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United States v. Akinola

United States District Court, Third Circuit

December 23, 2013

UNITED STATES OF AMERICA
v.
KOLE AKINOLA, Defendant.

ORDER

JOSE L. LINARES, District Judge.

This matter comes before the Court by way of Defendant Kole Akinola ("Defendant")'s motion for reconsideration of this Court's Opinion and Order denying Defendant's motion to suppress evidence seized from a rental vehicle on April 27, 2011. For the reasons set forth in this Court's corresponding Opinion,

IT IS on this 23 day of December, 2013,

ORDERED that Defendant's motion for reconsideration (CM/ECF Nos. 90, 103, 111) is denied.

IT IS SO ORDERED.

This matter comes before the Court by way of Defendant Kole Akinola ("Defendant")'s motion for reconsideration of this Court's Opinion and Order denying Defendant's motion to suppress evidence seized from a rental vehicle on April 27, 2011. The Court denied Defendant's motion to suppress on March 15, 2013, following an extensive evidentiary hearing that took place over the course of six days. In addition to considering the evidence presented during the course of the evidentiary hearing, the Court also considered the parties' written submissions and the oral arguments setting forth the legal bases for their respective positions with respect to Defendant's motion to suppress.

Following this Court's denial of Defendant's motion to suppress, Defendant filed a pro se motion for reconsideration on March 25, 2013. On March 27, 2013 and March 28, 2013, respectively, Messrs. Thomas Ashley, Esq. and David Ruhnke, Esq. filed motions to withdraw as Defendant's counsel. On April 9, 2013, the Court granted counsels' motions to withdraw, and appointed Assistant Federal Public Defender K. Anthony Thomas, Esq. to represent Defendant. Thereafter, on July 22, 2013, Mr. Thomas filed a brief in support of Defendant's motion for reconsideration.

Subsequently, Defendant filed a series of letters with the Court expressing dissatisfaction with the arguments Mr. Thomas raised in support of the motion for reconsideration. Accordingly, the Court held a status conference on September 5, 2013 to determine whether Defendant wished to represent himself, or continue being represented by Mr. Thomas. At this conference, Defendant represented to the Court that he wished for Mr. Thomas to continue representing him, but insisted that the Court consider certain arguments that Mr. Thomas failed to raise.

Following the status conference on September 5, 2013, this Court entered an Order allowing Mr. Thomas to amend his brief in support of Defendant's motion for reconsideration to include the arguments Defendant wished for this Court to consider. In accordance with this Court's Order, Mr. Thomas filed a supplemental submission on Defendant's behalf on October 20, 2013. Defendant also filed a pro se supplemental submission on October 23, 2013, in spite of this Court's having instructed him on the record that all his communications with the Court should be through counsel so long as he wished to continue being represented by counsel.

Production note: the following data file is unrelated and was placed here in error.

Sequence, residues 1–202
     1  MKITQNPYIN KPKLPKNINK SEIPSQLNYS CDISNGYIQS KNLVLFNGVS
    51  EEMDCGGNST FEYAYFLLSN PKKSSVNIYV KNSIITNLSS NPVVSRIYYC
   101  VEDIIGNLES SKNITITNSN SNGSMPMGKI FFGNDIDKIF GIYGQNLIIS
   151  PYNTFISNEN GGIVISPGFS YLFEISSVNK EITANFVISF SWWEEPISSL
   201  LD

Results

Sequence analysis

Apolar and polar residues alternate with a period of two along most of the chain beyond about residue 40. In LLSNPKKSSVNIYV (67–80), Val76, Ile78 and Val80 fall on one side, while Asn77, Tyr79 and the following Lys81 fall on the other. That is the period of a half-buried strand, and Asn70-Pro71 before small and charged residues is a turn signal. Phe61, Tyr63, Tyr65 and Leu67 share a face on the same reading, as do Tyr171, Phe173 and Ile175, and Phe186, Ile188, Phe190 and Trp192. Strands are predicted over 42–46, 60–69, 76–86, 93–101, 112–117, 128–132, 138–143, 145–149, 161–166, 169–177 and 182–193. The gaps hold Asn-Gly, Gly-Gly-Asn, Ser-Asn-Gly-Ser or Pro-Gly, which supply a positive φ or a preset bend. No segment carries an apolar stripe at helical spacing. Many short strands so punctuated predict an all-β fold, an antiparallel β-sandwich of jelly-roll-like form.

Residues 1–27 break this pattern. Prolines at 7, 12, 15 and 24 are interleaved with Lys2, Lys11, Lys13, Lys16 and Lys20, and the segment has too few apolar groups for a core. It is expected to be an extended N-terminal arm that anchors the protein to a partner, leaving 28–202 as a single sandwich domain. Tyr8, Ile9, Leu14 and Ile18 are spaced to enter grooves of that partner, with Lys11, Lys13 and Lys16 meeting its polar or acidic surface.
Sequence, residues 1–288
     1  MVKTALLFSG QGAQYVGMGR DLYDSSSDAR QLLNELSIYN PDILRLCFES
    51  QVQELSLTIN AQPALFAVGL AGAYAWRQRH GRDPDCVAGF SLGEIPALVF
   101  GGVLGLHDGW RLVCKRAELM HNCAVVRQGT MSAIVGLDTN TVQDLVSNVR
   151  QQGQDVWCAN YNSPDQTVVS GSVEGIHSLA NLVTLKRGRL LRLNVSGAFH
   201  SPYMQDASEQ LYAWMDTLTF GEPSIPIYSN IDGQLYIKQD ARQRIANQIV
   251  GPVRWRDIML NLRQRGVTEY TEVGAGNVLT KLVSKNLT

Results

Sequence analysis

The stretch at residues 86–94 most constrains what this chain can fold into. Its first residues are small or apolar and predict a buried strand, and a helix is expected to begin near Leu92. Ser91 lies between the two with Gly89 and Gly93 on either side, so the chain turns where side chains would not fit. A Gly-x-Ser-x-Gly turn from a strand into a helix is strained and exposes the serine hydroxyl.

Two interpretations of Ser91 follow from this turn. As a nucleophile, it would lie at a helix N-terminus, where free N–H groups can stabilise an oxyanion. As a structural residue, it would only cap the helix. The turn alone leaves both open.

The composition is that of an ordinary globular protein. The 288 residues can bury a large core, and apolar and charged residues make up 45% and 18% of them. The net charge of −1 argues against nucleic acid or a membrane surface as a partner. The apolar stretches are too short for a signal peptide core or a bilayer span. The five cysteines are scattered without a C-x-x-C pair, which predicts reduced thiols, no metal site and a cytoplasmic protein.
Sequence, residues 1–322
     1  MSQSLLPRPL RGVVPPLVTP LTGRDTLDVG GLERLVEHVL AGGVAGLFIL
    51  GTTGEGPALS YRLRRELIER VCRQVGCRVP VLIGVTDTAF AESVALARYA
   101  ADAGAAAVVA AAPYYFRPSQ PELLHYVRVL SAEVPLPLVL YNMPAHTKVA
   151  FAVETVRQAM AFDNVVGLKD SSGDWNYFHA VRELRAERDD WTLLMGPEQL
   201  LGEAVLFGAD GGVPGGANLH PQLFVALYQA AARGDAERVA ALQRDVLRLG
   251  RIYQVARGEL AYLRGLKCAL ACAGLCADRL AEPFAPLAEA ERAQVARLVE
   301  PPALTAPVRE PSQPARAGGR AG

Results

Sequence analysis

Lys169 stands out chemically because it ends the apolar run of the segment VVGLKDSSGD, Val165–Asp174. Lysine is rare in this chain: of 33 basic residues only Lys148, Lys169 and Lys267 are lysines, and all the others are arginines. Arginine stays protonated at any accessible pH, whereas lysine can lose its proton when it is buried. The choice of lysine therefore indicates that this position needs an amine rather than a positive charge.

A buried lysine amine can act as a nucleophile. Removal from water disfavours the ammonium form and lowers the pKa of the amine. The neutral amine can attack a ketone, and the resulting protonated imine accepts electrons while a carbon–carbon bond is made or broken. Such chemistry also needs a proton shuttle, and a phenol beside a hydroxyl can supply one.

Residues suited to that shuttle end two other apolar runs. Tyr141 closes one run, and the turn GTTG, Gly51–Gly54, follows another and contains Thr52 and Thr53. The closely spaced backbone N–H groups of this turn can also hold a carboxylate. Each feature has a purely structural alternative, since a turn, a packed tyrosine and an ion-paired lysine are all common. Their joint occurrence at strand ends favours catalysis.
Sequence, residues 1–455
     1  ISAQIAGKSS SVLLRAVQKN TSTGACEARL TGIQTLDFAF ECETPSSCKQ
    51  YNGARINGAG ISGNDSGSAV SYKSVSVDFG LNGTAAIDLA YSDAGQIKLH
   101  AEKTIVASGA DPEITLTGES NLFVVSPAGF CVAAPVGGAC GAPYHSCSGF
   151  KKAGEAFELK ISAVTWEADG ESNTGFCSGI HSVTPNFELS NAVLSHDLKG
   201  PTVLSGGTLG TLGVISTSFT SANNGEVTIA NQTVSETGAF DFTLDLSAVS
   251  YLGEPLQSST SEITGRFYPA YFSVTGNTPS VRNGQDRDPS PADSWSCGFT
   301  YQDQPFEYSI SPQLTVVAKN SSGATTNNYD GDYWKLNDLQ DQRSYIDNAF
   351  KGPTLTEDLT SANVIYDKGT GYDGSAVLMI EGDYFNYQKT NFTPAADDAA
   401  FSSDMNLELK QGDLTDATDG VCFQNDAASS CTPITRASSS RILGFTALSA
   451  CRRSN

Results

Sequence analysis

The Court has thoroughly considered all the submissions made in support of and in opposition to Defendant's motion for reconsideration. For the reasons set forth below, Defendant's motion is denied.

I. LEGAL STANDARD

"Reconsideration is an extraordinary remedy" and should be granted "very sparingly." See Loc. Civ. R. 7.1(i) cmt. 6(d).[1] A motion for reconsideration "may not be used to re-litigate old matters" or argue new matters that could have been raised before the original decision was reached. See, e.g., P. Schoenfeld Asset Mgmt., LLC v. Cendant Corp., 161 F.Supp.2d 349, 352 (D.N.J. 2001).

The court will reconsider a prior decision only where a different outcome is justified by: (1) an intervening change in law; (2) the availability of new evidence not previously available; or (3) a need to correct a clear error of law or manifest injustice. See N. River Ins. Co. v. CIGNA Reinsurance, Co., 52 F.3d 1194, 1218 (3d Cir. 2005).

II. DISCUSSION

The crux of Defendant's argument in support of his motion for reconsideration is that this Court committed "both error of law and fact [which], if not corrected, would result in manifest injustice." (CM/ECF No. 103 at 2.) Specifically, Defendant argues that he is entitled to reconsideration because: (1) the officers' stop of his vehicle was not supported by a reasonable suspicion of criminal activity; (2) Defendant's arrest was not supported by probable cause; (3) Defendant has standing to challenge the warrantless search of the rental vehicle; (4) Defendant has standing to challenge the search and seizure of the briefcase located in the trunk of the rental vehicle; and (5) the officers failed to comply with the Glen Ridge Police Department's Inventory Policy in searching the rental vehicle.